This is not a natural skill for business advisors. Most advisors I have met, and I certainly include myself in this category, are terrible listeners. I think this stems from the fact we are paid to give advice and feel as though we should therefore be talking, a lot!

But most of the time our clients have the answers to their own business problems, we would produce better outcomes by taking on the role of facilitator, to help our client arrive at the solution.

This requires us to listen.

So if we improve our listening skills we will be better at sales, and advising!

I am always having to work hard at listening. I admit I have trouble in this area, therefore I have sought out the advice of others far better qualified than I to give you help in this area.

The articles linked below are relatively brief and I believe will help us all to be better at listening.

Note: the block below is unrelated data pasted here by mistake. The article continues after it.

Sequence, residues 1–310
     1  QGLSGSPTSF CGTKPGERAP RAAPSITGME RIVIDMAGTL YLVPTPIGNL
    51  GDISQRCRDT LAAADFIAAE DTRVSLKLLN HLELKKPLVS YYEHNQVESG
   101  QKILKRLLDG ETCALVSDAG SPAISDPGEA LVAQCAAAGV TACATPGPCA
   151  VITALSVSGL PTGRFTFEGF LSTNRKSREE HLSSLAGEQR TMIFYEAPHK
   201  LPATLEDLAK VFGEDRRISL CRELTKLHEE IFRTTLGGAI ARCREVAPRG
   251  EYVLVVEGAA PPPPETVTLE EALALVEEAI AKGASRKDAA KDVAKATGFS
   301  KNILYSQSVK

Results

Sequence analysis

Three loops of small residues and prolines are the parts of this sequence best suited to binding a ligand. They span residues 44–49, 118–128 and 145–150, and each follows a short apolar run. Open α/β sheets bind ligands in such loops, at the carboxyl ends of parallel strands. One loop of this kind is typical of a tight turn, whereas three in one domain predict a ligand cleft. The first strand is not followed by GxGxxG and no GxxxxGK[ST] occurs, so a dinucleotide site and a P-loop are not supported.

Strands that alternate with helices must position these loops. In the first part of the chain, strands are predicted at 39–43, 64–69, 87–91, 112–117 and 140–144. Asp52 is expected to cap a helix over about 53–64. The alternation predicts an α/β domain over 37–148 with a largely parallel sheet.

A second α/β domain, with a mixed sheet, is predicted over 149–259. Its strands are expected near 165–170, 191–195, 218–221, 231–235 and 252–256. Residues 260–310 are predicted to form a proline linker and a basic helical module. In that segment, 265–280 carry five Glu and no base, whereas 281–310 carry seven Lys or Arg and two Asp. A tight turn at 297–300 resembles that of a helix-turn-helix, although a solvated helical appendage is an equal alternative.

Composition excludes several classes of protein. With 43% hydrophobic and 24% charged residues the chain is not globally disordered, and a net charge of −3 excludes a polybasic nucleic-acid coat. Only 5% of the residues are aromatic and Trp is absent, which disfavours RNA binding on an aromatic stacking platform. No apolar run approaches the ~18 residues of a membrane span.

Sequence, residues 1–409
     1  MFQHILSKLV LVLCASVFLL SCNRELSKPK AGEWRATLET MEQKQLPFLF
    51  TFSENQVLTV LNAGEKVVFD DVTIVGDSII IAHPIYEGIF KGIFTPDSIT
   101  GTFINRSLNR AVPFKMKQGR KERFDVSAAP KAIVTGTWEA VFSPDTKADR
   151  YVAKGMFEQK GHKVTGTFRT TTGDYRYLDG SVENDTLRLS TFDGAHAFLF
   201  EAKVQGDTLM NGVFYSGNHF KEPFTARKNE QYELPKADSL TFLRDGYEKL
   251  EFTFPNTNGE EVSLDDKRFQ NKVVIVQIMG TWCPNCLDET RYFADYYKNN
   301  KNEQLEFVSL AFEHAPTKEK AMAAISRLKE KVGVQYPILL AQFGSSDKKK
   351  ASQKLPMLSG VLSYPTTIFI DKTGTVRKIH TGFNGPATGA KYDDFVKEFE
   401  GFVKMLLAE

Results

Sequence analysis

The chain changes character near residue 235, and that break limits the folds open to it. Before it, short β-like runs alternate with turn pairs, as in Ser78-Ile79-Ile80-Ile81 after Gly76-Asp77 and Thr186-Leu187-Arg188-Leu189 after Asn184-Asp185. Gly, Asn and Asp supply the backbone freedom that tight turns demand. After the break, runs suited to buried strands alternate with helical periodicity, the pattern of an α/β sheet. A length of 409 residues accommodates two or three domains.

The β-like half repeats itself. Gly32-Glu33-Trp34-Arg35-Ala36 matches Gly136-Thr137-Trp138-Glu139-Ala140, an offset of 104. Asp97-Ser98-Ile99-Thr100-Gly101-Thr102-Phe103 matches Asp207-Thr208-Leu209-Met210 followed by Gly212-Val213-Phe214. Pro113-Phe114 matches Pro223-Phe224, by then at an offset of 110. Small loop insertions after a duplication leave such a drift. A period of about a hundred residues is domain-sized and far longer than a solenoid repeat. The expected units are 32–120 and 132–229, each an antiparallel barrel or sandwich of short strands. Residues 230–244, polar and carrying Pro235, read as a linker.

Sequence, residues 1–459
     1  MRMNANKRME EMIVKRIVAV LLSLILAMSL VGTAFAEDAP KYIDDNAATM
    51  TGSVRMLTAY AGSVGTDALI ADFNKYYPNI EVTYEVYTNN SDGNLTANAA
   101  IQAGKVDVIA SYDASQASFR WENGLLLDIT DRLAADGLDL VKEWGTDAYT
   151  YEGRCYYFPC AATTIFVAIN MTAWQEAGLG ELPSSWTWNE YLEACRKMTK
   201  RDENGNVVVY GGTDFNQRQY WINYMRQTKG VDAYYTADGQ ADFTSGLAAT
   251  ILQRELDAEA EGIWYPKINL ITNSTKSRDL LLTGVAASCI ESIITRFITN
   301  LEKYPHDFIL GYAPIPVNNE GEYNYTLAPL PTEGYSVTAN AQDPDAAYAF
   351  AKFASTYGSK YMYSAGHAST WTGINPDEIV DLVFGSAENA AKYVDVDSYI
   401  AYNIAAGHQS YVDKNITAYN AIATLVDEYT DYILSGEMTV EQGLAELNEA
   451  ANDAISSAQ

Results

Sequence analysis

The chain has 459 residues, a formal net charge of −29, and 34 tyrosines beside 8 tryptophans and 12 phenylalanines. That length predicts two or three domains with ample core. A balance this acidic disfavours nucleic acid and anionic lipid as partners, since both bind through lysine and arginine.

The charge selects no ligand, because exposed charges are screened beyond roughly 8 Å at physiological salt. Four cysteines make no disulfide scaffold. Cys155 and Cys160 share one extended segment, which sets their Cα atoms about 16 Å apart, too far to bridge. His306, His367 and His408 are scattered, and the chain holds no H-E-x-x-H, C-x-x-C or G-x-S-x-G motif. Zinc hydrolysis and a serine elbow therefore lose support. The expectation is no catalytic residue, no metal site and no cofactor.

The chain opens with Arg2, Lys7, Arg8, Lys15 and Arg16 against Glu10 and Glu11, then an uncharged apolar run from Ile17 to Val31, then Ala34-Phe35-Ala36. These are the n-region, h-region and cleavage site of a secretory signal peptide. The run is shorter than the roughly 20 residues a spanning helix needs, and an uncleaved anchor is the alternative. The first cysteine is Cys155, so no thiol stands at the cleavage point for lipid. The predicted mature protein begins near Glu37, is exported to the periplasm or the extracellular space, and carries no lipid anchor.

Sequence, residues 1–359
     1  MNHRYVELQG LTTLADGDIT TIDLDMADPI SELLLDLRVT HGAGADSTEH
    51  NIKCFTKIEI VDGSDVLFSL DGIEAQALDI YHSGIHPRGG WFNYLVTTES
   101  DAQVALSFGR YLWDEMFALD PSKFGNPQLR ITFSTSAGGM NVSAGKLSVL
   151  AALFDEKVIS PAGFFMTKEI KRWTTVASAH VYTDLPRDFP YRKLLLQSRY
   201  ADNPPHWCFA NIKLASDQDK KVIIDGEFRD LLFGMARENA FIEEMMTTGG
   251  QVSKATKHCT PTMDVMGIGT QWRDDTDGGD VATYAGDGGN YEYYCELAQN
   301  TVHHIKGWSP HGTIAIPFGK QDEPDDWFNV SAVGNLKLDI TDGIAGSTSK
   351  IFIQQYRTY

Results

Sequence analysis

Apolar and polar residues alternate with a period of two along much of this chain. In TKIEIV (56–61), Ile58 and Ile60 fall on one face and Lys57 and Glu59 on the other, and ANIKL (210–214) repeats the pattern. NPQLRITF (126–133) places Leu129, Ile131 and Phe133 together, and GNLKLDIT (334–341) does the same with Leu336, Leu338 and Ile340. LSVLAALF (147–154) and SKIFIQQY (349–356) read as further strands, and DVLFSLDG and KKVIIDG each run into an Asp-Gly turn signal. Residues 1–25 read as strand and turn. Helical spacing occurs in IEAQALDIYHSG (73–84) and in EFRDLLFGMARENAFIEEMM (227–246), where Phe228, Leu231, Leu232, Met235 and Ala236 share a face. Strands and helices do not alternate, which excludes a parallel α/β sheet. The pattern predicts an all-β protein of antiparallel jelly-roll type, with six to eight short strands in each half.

This first article “Three Ways leaders Can Listen With More Empathy”was written for Harvard Business Review (HBR) by Christine Riordan , professor of management at the University of Kentucky. Link

The second article by Peter Bregman also appeared in HBR, “If You Want People to Listen, Stop Talking.” Link

And the most important reference is this third reference below to an extract from Stephen Covey “The 7 Habits of Highly Effective People” This quote is a taste of what to expect, I urge you all to study the extract closely.


This man didn’t have the vaguest idea of what was really going on inside his boy’s head. He looked into his own head and thought he saw the world, including his boy. That’s the case with so many of us. We’re filled with our own lightness, our own autobiography. We want to be understood. Our conversations become collective monologues, and we never really understand what’s going on inside another human being.Stephen Covey

You are now at the end of lesson two, mark it as complete by clicking the”Mark Complete” button at the bottom of the page, below the lesson feedback form.

Next you will sit an assessment on the material in this lesson and then move to lesson 4 (the assessment is lesson 3) where I will pick up on the content yet to be covered.